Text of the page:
Nearly 100 years ago, the organization was founded by E. Smythe Gambrell, a budding silk stocking lawyer who had a soft spot for military veterans being fleeced by “wage buying,” a practice now known as “payday lending.”
For more than half of Atlanta Legal Aid’s history, a fellow named Steve Gottlieb has been there, serving the last 42 years as its leader. Gottlieb, who started as a summer intern in 1968 and joined up as a lawyer a year later, has had a front-row seat to a half century of the cheating, gouging and scamming of the poor.
He’s been there as his organization represented Mariel boatlift refugees from Cuba, won a U.S. Supreme Court case concerning people confined in mental institutions and fought those looking to make a tidy profit from those living in the margins. Atlanta Legal Aid has done all this while absorbing attempts by both Ronald Reagan and Newt Gingrich to defund the organization.
Gottlieb recently announced he’s retiring by year’s end. In recognition, the Georgia Supreme Court this week is presenting the 77-year-old lawyer with its Amicus Curiae Award, one of court’s top Attaboys.
Those in the legal community are lining up to say good things for a guy who has long been a thorn in the side to many.
Credit: JOHN SPINK / AJC
Credit: JOHN SPINK / AJC
“Steve Gottlieb is one of the greatest men I have known,” said former Gov. Roy Barnes. “He has been dedicated to taking care of the people on the shadows of life like abused kids and abused women, taking care of people no one else cares for.”
After losing his reelection bid in 2002, Barnes volunteered to be a unpaid, full-time staff attorney at Atlanta Legal Aid. In fact, he was still governor when he joined up, going, as he puts it, “from the largest office in the city to the smallest.”
Barnes got to know Gottlieb while working alongside Atlanta Legal Aid in the early 1990s against Fleet Finance, a financial firm that sucked millions of dollars from those living in poverty. One of the more notable cases was a grandmother who borrowed $5,000 to fix windows and — after a series of refinancings, compounding 23% interest payments and penalties — was forced to take out another loan committing her to repay $63,000.
It’s expensive to be poor.
Fleet finally agreed to pay $115 million to thousands of Georgia homeowners.
Gottlieb and his org have “bumped heads with everyone,” says Barnes. “They make you uneasy. But that’s what their job is.”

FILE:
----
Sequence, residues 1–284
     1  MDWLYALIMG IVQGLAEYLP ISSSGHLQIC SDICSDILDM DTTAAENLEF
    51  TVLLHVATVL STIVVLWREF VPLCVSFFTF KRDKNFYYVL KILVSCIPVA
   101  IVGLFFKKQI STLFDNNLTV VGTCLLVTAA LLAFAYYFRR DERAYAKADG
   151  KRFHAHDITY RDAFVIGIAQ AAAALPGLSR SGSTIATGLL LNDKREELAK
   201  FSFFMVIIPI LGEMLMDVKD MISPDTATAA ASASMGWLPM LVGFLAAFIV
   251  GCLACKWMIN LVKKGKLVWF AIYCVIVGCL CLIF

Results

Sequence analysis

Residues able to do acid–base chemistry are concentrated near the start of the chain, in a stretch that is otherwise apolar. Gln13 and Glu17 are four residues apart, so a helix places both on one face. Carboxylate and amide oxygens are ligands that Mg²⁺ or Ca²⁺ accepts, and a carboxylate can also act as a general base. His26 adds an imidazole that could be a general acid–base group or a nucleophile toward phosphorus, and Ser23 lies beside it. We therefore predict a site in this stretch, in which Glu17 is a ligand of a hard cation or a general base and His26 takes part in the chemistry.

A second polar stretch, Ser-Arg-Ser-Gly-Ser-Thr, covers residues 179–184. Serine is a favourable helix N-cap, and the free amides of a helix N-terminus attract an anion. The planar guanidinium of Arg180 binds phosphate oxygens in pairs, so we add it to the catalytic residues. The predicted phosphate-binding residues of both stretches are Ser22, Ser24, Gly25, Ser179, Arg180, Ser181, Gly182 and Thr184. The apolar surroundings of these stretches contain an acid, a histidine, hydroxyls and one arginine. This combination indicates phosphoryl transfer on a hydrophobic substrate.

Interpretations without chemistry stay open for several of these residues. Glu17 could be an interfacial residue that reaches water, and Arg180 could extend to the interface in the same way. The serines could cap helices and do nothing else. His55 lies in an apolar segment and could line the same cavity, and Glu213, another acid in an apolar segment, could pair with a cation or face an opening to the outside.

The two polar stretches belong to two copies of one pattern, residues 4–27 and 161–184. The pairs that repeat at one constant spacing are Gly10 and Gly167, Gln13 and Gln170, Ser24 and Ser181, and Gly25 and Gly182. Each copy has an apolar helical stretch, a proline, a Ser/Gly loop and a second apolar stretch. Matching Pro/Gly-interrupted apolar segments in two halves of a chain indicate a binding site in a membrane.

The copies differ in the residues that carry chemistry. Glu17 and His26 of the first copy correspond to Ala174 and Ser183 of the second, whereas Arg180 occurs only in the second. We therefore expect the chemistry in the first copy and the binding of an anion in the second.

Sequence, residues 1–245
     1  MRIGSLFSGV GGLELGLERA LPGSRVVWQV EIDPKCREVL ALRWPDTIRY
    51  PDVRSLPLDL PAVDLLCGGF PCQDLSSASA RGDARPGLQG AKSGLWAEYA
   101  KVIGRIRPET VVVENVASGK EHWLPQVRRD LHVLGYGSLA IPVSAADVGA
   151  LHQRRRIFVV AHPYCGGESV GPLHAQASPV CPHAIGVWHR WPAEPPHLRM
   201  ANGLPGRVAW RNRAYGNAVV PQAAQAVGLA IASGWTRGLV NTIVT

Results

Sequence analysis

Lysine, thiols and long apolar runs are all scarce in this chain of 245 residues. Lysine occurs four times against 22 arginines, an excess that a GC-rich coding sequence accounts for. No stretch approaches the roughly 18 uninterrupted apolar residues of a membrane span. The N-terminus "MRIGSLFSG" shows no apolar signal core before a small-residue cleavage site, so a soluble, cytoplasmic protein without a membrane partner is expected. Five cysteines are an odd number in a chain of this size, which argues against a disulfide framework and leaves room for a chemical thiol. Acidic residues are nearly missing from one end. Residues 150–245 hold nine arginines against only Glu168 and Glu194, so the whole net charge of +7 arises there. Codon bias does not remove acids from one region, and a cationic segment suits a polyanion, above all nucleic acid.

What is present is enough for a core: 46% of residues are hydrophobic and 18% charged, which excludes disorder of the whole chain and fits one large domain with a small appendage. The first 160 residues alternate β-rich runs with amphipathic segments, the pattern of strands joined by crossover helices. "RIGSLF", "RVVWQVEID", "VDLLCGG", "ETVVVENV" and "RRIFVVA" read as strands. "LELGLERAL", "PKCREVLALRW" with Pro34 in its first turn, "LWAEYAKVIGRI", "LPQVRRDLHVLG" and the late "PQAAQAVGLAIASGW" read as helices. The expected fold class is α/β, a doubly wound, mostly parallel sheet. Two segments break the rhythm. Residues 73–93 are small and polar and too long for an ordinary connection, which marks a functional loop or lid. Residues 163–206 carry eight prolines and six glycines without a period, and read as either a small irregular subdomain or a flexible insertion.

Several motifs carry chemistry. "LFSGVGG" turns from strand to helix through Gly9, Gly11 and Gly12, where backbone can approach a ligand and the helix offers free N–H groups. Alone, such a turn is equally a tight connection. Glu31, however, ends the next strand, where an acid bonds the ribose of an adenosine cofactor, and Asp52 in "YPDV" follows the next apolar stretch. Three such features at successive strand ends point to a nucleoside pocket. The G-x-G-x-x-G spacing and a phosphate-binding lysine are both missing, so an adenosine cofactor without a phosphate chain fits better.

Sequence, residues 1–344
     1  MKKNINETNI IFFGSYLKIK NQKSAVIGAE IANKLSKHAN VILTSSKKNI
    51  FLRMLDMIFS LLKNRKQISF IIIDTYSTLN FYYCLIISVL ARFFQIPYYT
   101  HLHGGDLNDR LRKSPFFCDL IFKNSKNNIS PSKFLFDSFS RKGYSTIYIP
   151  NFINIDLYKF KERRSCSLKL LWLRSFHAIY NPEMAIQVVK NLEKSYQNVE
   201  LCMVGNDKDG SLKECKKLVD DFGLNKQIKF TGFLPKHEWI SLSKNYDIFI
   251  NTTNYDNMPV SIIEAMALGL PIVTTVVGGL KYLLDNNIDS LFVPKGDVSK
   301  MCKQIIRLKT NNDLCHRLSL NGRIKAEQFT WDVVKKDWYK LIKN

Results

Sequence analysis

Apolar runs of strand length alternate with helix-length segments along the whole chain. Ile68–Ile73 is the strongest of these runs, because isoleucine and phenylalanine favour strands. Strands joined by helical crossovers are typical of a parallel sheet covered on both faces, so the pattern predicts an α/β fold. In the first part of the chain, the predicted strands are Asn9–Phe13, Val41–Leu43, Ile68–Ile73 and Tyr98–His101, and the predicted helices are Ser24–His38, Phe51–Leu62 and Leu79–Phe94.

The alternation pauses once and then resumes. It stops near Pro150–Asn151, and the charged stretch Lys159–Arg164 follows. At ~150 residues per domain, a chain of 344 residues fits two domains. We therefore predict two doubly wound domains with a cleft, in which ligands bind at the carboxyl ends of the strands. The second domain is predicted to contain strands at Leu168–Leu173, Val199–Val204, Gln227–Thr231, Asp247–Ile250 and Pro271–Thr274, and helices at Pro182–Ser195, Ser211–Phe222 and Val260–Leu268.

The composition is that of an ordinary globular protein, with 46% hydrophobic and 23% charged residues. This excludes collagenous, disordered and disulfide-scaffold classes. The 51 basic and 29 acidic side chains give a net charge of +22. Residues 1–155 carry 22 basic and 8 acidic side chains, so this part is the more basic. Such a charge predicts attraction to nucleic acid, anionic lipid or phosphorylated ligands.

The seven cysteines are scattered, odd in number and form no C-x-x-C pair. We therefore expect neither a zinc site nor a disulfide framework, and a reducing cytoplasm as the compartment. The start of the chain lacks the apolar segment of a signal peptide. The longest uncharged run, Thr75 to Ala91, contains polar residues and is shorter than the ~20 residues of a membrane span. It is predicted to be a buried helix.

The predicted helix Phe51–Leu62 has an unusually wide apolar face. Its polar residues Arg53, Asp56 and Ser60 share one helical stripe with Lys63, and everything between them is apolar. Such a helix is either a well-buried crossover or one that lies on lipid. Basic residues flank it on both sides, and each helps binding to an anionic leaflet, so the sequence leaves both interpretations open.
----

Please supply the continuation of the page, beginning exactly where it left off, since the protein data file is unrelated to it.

In fact, chalk up the former governor to the “uneasy” category. In March, Atlanta Legal Aid attorneys persuaded the state appeals court to rule against Barnes, who is representing his brother, Ray, the owner of extended stay motels. The legal battle is being waged over evicting tenants and whether the owner is an “innkeeper,” as Barnes contends, or a “landlord,” which affords residents more rights.
Barnes is taking the case to the state Supreme Court but says he doesn’t take the legal pounding personally.
Atlanta Legal Aid has taken up cases unpopular with a large section of the American population. In 1980, perhaps 125,000 Cubans, many with criminal records, left Cuba by boat and ended up on Florida’s shores. Thousands of so-called “Marielitos” were detained in the Atlanta Penitentiary, as the U.S. government couldn’t — or wouldn’t — sort out who was who.
Atlanta Legal Aid argued that indefinite detention was unconstitutional, even if it involved people who were not U.S. citizens. “Scarface,” the 1983 flick starring Al Pacino about the Cuban drug kingpin, convinced many Americans of the prudence of a tough lock-em-up approach. In 2005, the Supreme Court “ruled 7-2 that any inadmissible alien is entitled to release if not deported within six months,” according to the organization’s website.
Credit: AJC file
Credit: AJC file
The legal organization, which five years ago bought a historic downtown building once owned by the Elks Club, now has a Mariel conference room.
When Gottlieb came to Atlanta Legal Aid in 1969 there were just a handful of attorneys. Today there are about 80 lawyers and 150 employees all told. The organization, once funded largely through federal funding, now hits up law firms and foundations for cash, having learned its lesson on government dependence when Reagan and, later, Newt, moved to slash funding.
“Steve Gottlieb said, ‘That will never happen again,’” said Randy Hughes, who retired from a big law firm 15 years ago and has volunteered with the organization since.
In fact, that may be Gottlieb’s legacy: making the organization independent and not to be cowed by those it sometimes offends.
I asked Gottlieb if it has gotten any better after 50 years of fighting for the have-nots?
“I don’t know,” he said with a shrug. “I don’t think the problems will ever end. I just want to do my part to fix inequities. It’s all nice and good to try and change the world. But it’s all about the individual you protect.”